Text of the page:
January 20, 2015


Social networking giant Facebook announced Tuesday that it’s taking steps to stamp out malicious fake news stories while leaving funny fake stories unaffected.

The company is tweaking its inscrutable News Feed to cut down on the number of “stories that are hoaxes, or misleading news,” Facebook software engineer Erich Owens and research scientist Udi Weinsberg write in a post on the company blog.

The change isn’t intended to remove stories that people report as false or allow Facebook to decide what’s factual and what isn’t, they explain:

To reduce the number of these types of posts, News Feed will take into account when many people flag a post as false. News Feed will also take into account when many people choose to delete posts. This means a post with a link to an article that many people have reported as a hoax or chosen to delete will get reduced distribution in News Feed. This update will apply to posts including links, photos, videos and status updates.

Publishers of satirical content, like The Onion and its sister site Clickhole, likely will not be affected by the change because testing indicates “people tend not to report satirical content intended to be humorous,” according to the post.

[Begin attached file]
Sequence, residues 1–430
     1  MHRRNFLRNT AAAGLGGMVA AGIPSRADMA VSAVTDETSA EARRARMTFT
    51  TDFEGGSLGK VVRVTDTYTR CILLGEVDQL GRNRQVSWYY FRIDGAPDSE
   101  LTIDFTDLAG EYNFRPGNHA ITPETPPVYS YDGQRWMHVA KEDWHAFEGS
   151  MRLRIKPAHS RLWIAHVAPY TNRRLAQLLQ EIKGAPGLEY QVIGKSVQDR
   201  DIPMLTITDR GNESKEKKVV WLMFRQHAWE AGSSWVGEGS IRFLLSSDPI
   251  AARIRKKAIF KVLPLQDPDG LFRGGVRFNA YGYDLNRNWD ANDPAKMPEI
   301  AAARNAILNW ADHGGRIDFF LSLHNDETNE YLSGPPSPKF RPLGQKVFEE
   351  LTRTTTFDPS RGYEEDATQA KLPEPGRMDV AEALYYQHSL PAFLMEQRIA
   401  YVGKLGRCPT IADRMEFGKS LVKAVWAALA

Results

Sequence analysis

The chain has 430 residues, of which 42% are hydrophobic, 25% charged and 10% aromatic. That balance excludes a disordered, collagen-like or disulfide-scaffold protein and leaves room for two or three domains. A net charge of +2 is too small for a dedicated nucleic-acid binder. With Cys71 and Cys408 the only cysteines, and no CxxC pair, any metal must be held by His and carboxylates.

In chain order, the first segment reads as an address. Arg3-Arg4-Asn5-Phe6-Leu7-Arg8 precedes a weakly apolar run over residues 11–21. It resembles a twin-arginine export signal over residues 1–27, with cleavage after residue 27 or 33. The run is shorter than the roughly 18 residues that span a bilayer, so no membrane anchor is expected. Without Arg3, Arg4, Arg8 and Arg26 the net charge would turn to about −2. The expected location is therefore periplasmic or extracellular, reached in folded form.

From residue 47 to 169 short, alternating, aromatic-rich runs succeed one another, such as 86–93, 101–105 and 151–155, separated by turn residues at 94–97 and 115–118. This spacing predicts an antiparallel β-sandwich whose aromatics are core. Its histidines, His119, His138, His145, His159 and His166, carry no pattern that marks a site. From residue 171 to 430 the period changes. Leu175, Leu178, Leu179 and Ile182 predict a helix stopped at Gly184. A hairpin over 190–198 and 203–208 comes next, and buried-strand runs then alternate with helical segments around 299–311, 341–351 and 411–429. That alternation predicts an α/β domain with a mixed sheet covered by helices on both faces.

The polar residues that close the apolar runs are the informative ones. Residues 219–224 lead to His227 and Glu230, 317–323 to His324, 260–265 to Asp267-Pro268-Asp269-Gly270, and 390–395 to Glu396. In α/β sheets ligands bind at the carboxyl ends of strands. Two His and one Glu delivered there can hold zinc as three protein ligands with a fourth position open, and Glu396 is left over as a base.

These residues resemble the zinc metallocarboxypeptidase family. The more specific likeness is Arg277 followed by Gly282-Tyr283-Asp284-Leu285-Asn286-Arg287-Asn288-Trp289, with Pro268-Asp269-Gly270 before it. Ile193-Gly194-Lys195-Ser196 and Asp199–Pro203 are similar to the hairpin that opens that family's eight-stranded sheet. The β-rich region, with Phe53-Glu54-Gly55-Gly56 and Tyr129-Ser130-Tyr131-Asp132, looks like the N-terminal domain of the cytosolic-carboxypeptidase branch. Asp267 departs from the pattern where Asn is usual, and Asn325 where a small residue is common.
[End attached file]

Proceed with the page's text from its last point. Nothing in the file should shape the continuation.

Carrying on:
Rather, publishers who try to pass off scams or “deliberately false” stories will see a reduced circulation in their posts after readers flag the articles as such.

Facebook’s News Feed has been a source of much speculation and frustration among news outlets that want their content viewed by the vast audience that Facebook offers. In October, Sam Kirkland examined why the mysterious rhythms of the News Feed are driving news organizations up the wall.

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Benjamin Mullin is the managing editor of Poynter.org. He previously reported for Poynter as a staff writer, Google Journalism Fellow and Naughton Fellow, covering journalism…
Benjamin Mullin

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